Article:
I have to start this letter by saying that my opinion is 100% biased since I run a local not-for-profit arts organization and only drink alcohol a handful of times per year, but it’s becoming very clear to me that the Province of British Columbia seems to favour alcohol over the arts.
This morning (March 3, 2021) the Kamloops Film Society received a call from Interior Health where they revoked the permission they had given us in early February to have small Private Bookings in the theatres for no more than six people – all from the same household.
Apparently, various jurisdictions from across B.C. were getting requests from movie theatres to do the same thing and there were also complaints, though we aren’t sure if these complaints were about us specifically or even what the complaints were.
Interior Health, it seems, got a slap on the wrist from the Ministry of Health – Province of B.C. who reiterated that movies at a theatre were seen as an “event” and thus had to be shut down. Interior Health should not have given us permission in the first place. Back to full shutdown we go.
The Paramount Theatre was closed from mid-March to September during the initial phases of the COVID-19 Pandemic. We survived by taking advantage of federal programs and by running a pilot drive-in with community partners.
We opened once a week in September, expanding to three days per week in October and November, as well as launching the private bookings. We increased cleaning protocols, added plexiglass, created safe pathways with decals, added safety signage, sectioned off seating for proper spacing, bought new safety equipment and supplies, and developed a COVID Safety Plan.
Many of our audience members remarked how safe they felt coming to the theatre. This shouldn’t be surprising as we were only allowed 50 people per screening so Theatre 1 (507 seats) was less than 10% “full” even with a sellout and Theatre 2 (270 seats) was less than 20% full.
For a small operation like ours, all of these extra steps amounted to huge costs. Though we have been able to offset some expenses with grants, the impact is still significant.
We were surviving. The federal funding, private rentals, our newly launched Membership Levels, and a small number of very appreciated donations were keeping us afloat. Then, at the end of November new orders shut us down even though retail stores, restaurants, pubs, and cafes remained open.
We cancelled almost 25 private bookings as well as our public programming in December and remained closed until February when we made our case to Interior Health: if a family can sit around a table at a restaurant where there are other people at other tables, why not alone in a theatre?
To their credit, Interior Health was logical, and gave us permission for small private bookings. At least we had something. That has now been taken away.
When I look into our two vast empty theatres, I cannot fathom a logical explanation for why groups can gather at pubs, restaurants, and even movie theatres (more on the Rio Theatre in Vancouver below), but cannot watch a film.
Six people from the same household can sit around a table, drink alcohol, share appies, have their masks off, and cheer for their favourite team, but those same six people can’t come into a 500-seat theatre and watch a film and eat popcorn because it is deemed an “event.”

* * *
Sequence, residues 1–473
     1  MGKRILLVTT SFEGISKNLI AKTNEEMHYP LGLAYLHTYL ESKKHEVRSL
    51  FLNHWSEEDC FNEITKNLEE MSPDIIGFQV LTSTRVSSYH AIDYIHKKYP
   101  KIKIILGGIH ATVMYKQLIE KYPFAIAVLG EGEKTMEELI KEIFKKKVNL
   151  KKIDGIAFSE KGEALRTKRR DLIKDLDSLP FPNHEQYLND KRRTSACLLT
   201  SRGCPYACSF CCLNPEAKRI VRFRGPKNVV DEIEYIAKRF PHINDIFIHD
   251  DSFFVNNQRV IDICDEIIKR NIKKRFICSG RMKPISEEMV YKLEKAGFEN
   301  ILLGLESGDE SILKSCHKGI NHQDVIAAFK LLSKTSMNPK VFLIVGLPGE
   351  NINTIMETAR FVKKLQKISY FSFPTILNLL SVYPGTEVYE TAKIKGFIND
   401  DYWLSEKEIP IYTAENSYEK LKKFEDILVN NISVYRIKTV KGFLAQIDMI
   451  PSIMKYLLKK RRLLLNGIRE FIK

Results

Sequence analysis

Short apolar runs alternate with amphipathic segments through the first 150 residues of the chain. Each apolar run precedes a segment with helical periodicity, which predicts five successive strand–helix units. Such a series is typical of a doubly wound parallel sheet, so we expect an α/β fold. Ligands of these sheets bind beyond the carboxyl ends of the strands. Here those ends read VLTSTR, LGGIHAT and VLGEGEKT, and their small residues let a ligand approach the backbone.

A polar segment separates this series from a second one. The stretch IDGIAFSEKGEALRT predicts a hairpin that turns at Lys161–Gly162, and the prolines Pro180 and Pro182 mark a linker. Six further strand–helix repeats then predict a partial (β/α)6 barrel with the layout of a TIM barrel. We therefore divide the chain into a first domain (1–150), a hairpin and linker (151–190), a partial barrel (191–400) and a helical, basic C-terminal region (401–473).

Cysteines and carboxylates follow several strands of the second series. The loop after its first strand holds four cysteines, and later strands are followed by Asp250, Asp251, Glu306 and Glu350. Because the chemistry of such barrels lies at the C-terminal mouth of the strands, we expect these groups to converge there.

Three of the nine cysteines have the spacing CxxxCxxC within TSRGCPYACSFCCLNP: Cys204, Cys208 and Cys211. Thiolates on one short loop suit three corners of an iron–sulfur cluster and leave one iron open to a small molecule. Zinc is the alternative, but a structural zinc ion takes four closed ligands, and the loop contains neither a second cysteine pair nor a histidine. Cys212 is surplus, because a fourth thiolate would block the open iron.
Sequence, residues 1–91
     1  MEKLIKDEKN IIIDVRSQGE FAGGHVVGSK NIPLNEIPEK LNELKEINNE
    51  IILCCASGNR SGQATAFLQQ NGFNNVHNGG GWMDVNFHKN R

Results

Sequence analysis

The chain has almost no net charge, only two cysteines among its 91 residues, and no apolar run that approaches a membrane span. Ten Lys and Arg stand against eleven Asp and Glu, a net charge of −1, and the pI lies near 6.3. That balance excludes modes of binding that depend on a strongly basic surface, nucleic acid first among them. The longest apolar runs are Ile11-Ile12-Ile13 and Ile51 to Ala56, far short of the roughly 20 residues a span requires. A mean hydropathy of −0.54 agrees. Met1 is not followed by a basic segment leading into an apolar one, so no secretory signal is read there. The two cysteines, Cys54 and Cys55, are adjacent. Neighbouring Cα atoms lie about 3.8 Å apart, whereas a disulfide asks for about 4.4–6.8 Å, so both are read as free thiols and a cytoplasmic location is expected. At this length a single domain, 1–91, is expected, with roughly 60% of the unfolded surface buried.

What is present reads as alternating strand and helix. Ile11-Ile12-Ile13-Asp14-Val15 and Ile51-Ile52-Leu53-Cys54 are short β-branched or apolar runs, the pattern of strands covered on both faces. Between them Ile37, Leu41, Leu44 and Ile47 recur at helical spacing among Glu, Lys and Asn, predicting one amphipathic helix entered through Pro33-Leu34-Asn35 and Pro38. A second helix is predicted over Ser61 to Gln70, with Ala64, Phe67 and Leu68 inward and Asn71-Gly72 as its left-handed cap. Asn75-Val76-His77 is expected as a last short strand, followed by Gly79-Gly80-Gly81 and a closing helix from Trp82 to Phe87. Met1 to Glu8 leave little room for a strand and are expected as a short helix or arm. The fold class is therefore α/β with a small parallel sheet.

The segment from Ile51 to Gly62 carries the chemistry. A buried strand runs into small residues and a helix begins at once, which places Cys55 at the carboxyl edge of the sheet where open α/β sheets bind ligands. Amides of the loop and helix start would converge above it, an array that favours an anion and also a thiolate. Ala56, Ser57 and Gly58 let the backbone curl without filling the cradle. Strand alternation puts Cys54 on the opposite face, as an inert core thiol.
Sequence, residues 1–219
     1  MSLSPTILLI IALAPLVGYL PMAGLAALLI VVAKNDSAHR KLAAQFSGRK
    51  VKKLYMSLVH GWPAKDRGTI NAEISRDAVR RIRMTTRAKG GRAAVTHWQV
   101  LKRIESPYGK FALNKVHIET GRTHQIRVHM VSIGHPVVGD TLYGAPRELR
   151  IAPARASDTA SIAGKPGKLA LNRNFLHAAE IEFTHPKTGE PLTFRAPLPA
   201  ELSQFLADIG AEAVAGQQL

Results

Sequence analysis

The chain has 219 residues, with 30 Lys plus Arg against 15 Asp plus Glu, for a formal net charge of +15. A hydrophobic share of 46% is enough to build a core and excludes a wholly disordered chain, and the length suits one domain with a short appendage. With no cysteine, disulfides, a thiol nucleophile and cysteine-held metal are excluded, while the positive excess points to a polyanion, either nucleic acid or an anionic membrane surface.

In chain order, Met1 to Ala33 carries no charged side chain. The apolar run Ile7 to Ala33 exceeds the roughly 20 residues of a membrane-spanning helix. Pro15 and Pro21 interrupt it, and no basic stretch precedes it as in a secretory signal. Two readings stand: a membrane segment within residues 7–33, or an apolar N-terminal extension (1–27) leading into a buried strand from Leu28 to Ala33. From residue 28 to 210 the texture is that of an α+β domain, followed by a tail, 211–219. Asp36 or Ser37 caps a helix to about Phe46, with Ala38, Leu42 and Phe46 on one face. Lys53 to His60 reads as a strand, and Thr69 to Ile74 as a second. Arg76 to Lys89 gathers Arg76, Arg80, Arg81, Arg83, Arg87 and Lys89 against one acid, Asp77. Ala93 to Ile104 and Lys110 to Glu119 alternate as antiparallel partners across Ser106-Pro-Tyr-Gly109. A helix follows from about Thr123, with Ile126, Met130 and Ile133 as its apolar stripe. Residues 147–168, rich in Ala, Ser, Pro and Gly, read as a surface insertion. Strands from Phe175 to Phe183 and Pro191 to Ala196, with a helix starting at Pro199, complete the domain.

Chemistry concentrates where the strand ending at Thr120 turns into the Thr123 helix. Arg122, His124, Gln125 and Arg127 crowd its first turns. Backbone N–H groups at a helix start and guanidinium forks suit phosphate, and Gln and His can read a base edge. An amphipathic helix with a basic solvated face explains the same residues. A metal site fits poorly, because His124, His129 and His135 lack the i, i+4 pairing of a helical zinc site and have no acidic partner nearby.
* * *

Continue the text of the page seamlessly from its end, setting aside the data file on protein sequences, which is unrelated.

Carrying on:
I understand that we are dealing with an unprecedented pandemic and that going to the movies is not essential right now. But is socializing over drinks? Is eating at restaurants, where takeout is an option? Is standing in line for a coffee?
I don’t want to throw any businesses under the bus as everyone is trying their best to survive this pandemic and doing what they can, but having movie theatres in a different grouping than restaurants and pubs doesn’t make any logical sense.
For a small not-for-profit organization like ours, these decisions have huge consequences and could mean the difference between survival and closing permanently.
The Rio Theatre in Vancouver has cheekily rebranded into a Sports Bar. By their own admission they have done this to stay afloat, but also to show the hypocrisy of the situation. As long as people are coming to their venue to have drinks and watch the latest Canucks game, UFC, or the latest episodes of RuPaul’s Drag Race or The Bachelor, all is well, but if people were coming in to see a new independent film or documentary, they would be breaking the rules.
The Rio has even received praise from Health Minister Adrian Dix for their innovation. Unfortunately, we don’t have a liquor license and based on our audience base, we don’t feel the demand would be there to make a Sports Bar viable. The Rio is pulling from a much bigger pool.
We just want the orders to be applied logically and fairly across sectors. Shutting down an industry that has no reported cases, but allowing higher risk ventures to keep going seems like a witch-hunt against the arts.
The issue doesn’t seem to be the space, as there is plenty of square footage in movie theatres-plus The Rio example; it doesn’t seem to be the risks, as I am not yet aware of any COVID-19 cases linked to a movie theatre anywhere in the world; and it doesn’t seem to be not following protocols, as movie, and even live, theatres have gone above and beyond to make their venues safe.
The issue seems to be that letting people get drunk at the local watering hole is seen as more important in B.C. than the arts. In my estimation, that is a real shame.
Executive Director, Kamloops Film Society